Female writers throughout history have used male or ambiguous pen names to ensure that their work is recognized. While this was a more prevalent choice in the late-1800s, it's still not unheard of today. Joanne "J.K." Rowling wrote The Cuckoo's Calling as Robert Galbraith, and Nora Roberts writes her mystery novels under the gender-neutral pen name J.D. Robb.
Think this is totally unnecessary? Although The New York Times reviewed as many books written by women last year as they did books written by men, a number of other major publications contribute to gender disparity in the literary community by reviewing up to three times more men than women.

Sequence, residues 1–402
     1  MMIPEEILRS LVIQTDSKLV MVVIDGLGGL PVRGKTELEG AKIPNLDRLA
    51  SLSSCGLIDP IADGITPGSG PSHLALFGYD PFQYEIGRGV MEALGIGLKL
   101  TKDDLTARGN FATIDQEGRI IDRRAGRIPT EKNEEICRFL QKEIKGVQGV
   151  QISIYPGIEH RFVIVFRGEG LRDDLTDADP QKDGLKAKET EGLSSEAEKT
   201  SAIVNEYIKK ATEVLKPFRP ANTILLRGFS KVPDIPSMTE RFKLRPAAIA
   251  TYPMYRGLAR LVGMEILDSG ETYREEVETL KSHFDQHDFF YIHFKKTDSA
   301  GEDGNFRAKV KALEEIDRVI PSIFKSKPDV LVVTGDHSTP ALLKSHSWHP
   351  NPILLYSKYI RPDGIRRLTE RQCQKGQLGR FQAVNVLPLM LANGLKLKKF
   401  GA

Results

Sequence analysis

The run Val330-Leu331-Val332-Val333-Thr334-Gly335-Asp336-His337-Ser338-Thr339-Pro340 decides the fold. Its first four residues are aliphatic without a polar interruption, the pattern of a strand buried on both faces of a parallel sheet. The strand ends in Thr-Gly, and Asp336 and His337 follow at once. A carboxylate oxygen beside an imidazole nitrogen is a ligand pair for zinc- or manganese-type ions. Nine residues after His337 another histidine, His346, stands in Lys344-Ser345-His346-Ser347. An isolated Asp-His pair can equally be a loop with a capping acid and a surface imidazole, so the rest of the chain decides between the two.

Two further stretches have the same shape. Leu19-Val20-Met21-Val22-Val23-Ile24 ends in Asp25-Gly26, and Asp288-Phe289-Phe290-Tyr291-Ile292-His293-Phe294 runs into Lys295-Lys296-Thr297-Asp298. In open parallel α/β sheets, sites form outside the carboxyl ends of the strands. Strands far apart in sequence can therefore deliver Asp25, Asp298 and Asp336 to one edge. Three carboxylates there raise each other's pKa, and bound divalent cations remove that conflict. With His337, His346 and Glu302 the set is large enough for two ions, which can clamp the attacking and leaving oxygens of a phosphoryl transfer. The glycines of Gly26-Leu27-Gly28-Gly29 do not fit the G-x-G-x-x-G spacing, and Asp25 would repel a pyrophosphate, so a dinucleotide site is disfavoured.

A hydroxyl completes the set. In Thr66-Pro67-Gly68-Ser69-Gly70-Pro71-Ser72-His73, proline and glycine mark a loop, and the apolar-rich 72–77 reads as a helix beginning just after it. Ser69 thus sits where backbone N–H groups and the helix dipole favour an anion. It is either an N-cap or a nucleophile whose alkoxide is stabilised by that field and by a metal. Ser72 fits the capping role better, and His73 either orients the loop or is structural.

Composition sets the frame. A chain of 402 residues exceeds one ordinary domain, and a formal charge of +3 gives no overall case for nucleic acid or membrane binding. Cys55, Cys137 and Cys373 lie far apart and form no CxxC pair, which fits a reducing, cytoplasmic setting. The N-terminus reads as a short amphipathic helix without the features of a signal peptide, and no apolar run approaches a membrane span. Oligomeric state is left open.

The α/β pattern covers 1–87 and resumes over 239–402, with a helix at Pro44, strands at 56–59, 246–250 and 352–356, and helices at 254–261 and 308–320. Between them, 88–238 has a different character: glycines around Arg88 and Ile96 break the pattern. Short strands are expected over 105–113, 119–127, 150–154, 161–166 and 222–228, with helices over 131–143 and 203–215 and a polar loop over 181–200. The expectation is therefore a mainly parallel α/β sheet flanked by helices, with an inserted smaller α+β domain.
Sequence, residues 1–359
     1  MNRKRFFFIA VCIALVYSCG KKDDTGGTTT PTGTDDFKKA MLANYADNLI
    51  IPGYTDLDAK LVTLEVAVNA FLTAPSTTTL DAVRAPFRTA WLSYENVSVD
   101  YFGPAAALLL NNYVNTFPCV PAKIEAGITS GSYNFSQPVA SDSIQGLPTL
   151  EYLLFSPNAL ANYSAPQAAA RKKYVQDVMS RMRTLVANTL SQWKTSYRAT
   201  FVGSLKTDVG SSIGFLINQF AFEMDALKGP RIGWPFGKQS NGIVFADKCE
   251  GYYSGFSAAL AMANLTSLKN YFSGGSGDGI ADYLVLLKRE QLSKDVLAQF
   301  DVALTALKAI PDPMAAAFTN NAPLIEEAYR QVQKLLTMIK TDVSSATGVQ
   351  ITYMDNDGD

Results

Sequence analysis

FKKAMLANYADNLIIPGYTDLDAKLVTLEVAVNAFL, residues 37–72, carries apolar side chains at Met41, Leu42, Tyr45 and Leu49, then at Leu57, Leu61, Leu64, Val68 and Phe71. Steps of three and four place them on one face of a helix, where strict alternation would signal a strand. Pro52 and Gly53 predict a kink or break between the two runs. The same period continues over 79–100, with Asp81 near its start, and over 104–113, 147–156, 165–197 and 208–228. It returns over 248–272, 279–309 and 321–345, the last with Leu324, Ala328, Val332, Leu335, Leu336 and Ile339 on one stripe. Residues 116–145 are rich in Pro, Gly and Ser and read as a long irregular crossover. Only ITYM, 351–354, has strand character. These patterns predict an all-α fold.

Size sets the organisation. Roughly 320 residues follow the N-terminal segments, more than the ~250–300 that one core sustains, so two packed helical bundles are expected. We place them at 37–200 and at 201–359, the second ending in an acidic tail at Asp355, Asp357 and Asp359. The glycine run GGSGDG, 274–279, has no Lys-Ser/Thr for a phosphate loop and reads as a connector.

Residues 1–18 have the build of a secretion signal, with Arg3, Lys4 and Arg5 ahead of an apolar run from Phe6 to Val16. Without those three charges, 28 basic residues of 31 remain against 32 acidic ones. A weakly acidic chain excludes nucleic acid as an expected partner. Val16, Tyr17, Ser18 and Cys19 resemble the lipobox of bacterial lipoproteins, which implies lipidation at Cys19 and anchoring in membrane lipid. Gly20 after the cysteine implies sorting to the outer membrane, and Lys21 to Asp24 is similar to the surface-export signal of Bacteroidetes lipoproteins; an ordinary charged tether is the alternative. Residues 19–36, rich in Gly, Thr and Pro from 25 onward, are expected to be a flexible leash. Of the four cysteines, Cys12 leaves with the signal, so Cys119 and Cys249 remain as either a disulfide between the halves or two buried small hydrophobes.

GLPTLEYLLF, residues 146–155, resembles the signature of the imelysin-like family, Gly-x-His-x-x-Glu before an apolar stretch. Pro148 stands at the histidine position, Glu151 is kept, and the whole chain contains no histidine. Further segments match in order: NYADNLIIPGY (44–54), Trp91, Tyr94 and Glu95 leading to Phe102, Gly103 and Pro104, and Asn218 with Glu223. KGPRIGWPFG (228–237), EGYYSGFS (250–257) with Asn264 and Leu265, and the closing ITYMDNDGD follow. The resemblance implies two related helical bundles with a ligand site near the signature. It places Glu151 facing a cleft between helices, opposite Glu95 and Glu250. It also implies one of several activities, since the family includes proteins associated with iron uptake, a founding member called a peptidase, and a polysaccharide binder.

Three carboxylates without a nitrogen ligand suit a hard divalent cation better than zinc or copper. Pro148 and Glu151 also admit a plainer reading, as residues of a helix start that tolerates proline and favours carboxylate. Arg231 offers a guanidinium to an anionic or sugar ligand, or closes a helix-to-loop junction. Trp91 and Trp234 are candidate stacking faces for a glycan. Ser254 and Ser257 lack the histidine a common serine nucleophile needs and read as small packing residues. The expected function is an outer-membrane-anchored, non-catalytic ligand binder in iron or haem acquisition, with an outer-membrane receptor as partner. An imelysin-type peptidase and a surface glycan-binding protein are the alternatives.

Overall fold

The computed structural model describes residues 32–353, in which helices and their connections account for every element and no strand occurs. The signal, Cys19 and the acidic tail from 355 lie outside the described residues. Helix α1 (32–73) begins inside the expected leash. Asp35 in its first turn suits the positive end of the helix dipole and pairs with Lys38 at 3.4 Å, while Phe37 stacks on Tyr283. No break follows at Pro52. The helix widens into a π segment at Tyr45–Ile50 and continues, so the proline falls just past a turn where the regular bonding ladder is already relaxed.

The Victorian era in particular saw slews of women writing under male pen names, including the Brontë Sisters, who wrote as Acton, Currer and Ellis Bell, and, of course, Mary Ann Evans, who wrote as George Eliot. Of her pseudonym, Charlotte Brontë said: "we did not like to declare ourselves women because – without at that time suspecting that our mode of writing and thinking was not what is called 'feminine' – we had a vague impression that authoresses are liable to be looked on with prejudice."
Here's to hoping that gender parity in the book world can eventually allow female authors in every genre to get the recognition they deserve while writing under their own names. In the meantime, find out what your Victorian pen name would be:
Interactive by Ilana Sufrin and Wenting Zhang
Create Your Own
[CORRECTION: An earlier version of this article listed Charlotte Brontë's pen name as "Culler Bell" rather than "Currer Bell."]